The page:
The ß(2)-adrenergic receptor (ADRB2) is an important regulator of airway smooth muscle tone. We tested the hypothesis that three functional polymorphisms in the ADRB2 gene (Thr164Ile, Gly16Arg and Gln27Glu) are associated with reduced lung function, asthma or chronic obstructive pulmonary disease (COPD). We first genotyped 8,971 individuals from the Copenhagen City Heart Study for all three polymorphisms. To validate our findings, we genotyped an additional 53,777 individuals from the Copenhagen General Population Study for the Thr164Ile polymorphism. We identified 60,910 Thr164Ile noncarriers, 1,822 heterozygotes and 16 homozygotes. In the Copenhagen City Heart Study, the Thr164Ile genotype was associated with reduced forced expiratory volume in 1 s (FEV(1)) % predicted (trend p = 0.01) and FEV(1)/forced vital capacity (FVC) (p = 0.001): Thr164Ile heterozygotes had 3% and 2% reduced FEV(1) % pred and FEV(1)/FVC, respectively, compared with noncarriers. The odds ratio for COPD in Thr164Ile heterozygotes was 1.46 (95% CI 1.05-2.02). In the Copenhagen General Population Study, the Thr164 genotype associated with reduced FEV(1) % pred (p = 0.04) and FEV(1)/FVC (p
The APHEA 2 project investigated short-term health effects of particles in eight European cities. In each city associations between particles with an aerodynamic diameter of less than 10 microm (PM(10)) and black smoke and daily counts of emergency hospital admissions for asthma (0-14 and 15-64 yr), chronic obstructive pulmonary disease (COPD), and all-respiratory disease (65+ yr) controlling for environmental factors and temporal patterns were investigated. Summary PM(10) effect estimates (percentage change in mean number of daily admissions per 10 microg/m(3) increase) were asthma (0-14 yr) 1.2% (95% CI: 0.2, 2.3), asthma (15-64 yr) 1.1% (0.3, 1.8), and COPD plus asthma and all-respiratory (65+ yr) 1.0% (0.4, 1.5) and 0.9% (0.6, 1.3). The combined estimates for Black Smoke tended to be smaller and less precisely estimated than for PM(10). Variability in the sizes of the PM(10) effect estimates between cities was also investigated. In the 65+ groups PM(10) estimates were positively associated with annual mean concentrations of ozone in the cities. For asthma admissions (0-14 yr) a number of city-specific factors, including smoking prevalence, explained some of their variability. This study confirms that particle concentrations in European cities are positively associated with increased numbers of admissions for respiratory diseases and that some of the variation in PM(10) effect estimates between cities can be explained by city characteristics.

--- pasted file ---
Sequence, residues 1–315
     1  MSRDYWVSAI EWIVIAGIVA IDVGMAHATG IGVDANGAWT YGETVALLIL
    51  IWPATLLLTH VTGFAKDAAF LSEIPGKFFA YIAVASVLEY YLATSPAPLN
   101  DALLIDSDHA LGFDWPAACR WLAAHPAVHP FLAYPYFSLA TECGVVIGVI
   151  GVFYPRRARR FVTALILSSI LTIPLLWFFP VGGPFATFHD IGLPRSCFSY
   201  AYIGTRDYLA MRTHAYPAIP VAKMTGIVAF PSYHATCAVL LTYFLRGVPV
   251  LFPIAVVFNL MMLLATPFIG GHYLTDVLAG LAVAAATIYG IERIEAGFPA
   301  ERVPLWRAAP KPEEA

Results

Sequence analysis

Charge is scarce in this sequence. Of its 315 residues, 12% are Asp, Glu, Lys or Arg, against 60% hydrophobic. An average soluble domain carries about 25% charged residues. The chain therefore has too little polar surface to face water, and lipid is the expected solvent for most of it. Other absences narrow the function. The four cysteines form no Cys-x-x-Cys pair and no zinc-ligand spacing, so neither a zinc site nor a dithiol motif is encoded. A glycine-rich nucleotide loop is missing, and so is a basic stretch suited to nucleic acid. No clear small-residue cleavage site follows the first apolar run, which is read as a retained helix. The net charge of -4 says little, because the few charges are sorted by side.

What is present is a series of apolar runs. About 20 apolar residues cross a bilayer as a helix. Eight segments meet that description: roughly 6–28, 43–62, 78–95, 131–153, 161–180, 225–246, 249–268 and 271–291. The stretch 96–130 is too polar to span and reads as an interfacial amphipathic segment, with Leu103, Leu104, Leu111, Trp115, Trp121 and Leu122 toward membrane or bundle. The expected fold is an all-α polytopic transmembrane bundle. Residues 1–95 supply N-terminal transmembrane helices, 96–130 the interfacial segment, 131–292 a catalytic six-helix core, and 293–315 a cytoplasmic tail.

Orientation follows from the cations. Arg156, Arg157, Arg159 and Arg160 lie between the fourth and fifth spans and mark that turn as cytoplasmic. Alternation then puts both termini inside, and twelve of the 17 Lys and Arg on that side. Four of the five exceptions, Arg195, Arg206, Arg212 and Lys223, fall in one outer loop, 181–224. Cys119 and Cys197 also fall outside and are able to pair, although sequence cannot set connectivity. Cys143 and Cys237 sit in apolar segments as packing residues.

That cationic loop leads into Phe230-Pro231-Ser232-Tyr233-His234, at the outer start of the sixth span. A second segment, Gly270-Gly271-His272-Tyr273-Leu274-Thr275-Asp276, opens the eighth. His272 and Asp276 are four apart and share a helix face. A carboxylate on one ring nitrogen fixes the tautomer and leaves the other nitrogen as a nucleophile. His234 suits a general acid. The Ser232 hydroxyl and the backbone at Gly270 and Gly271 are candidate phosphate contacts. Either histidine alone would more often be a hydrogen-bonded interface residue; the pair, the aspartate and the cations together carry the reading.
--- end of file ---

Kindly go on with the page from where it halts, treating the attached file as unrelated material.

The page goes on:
Lifetime respiratory function after extremely preterm birth (gestational age=28 wk or birth weight=1,000 g) is unknown.
To compare changes from 18-25 years of age in respiratory health, lung function, and airway responsiveness in young adults born extremely prematurely to that of term-born control subjects.
Comprehensive lung function investigations and interviews were conducted in a population-based sample of 25-year-old subjects born extremely prematurely in western Norway in 1982-1985, and in matched term-born control subjects. Comparison was made to similar data collected at 18 years of age.
At 25 years of age, 46/51 (90%) eligible subjects born extremely prematurely and 39/46 (85%) control subjects participated. z-Scores for FEV1, forced expiratory flow at 25-75% of vital capacity, and FEV1/FVC were significantly reduced in subjects born extremely prematurely by 1.02, 1.26, and 0.88, respectively, and airway resistance (kPa/L/s) was increased (0.23 versus 0.18). Residual volume to total lung capacity increased with severity of neonatal bronchopulmonary dysplasia. Responsiveness to methacholine (dose-response slope; 3.16 versus 0.85) and bronchial lability index (7.5 versus 4.8%) were increased in subjects born extremely prematurely. Lung function changes from 18 to 25 years and respiratory symptoms were similar in the prematurely born and term-born groups.
Lung function in early adult life was in the normal range in the majority of subjects born extremely prematurely, but methacholine responsiveness was more pronounced than in term-born young adults, suggesting a need for ongoing pulmonary monitoring in this population.
The research presents the authors' analysis of epidemiology of chronic obstructive pulmonary disease (COPD) in a big industrial city of Middle Volga. 2063 persons (903 men and 1160 women) were examined in four age groups (30-39 years, 40-49 years, 50-59 years, 60 years and upward) in Kirovskiy and Krasnoglinskiy districts of Samara. COPD was found out in 14,49% among 2063 examined people (30-39 years--10.76%, 40-49 years--10.89%, 50-59 years--15.88%, 60 years and upward--21.30%). COPD was found out in 18.72% among 903 examined men and in 11.21% among 1160 examined women. The data proved that leading risk factors of COPD are male sex, age, smoking, ecology, genetic predisposition, level of the education, marriage status.
To determine sex and age variations in hospital readmissions for chronic obstructive pulmonary disease (COPD) associated with overall and cardiac comorbid conditions.
A one-year follow-up study was conducted for 108 726 COPD in-patients aged >or=40 years who were discharged alive after their first admission in the 1999-2000 fiscal year.
Within a year, 38 955 of the patients were readmitted to hospital for COPD. The incidence rate of COPD readmission was 49.1% per year. It was higher for men than women aged >or=70 years, but was almost the same for patients aged
The article is devoted to analysis of the problem of lung diseases due to industrial dust exposure in Kursk region and to studying the clinical features of the most widespread occupational respiratory disease--occupational chronic obstructive pulmonary disease, among patients of various age groups. It is shown that the development of dust-induced bronchoobstructive diseases provokes infringement of physiological lungs aging and in clinical course of the disease in elderly and senile age has its features.
This study aimed to investigate trends in first-time hospitalisations with chronic obstructive pulmonary disease (COPD) in a publicly financed healthcare system during the period from 2002 to 2008 with respect to incidence, outcome and characteristics of hospitalisations, departments, and patients.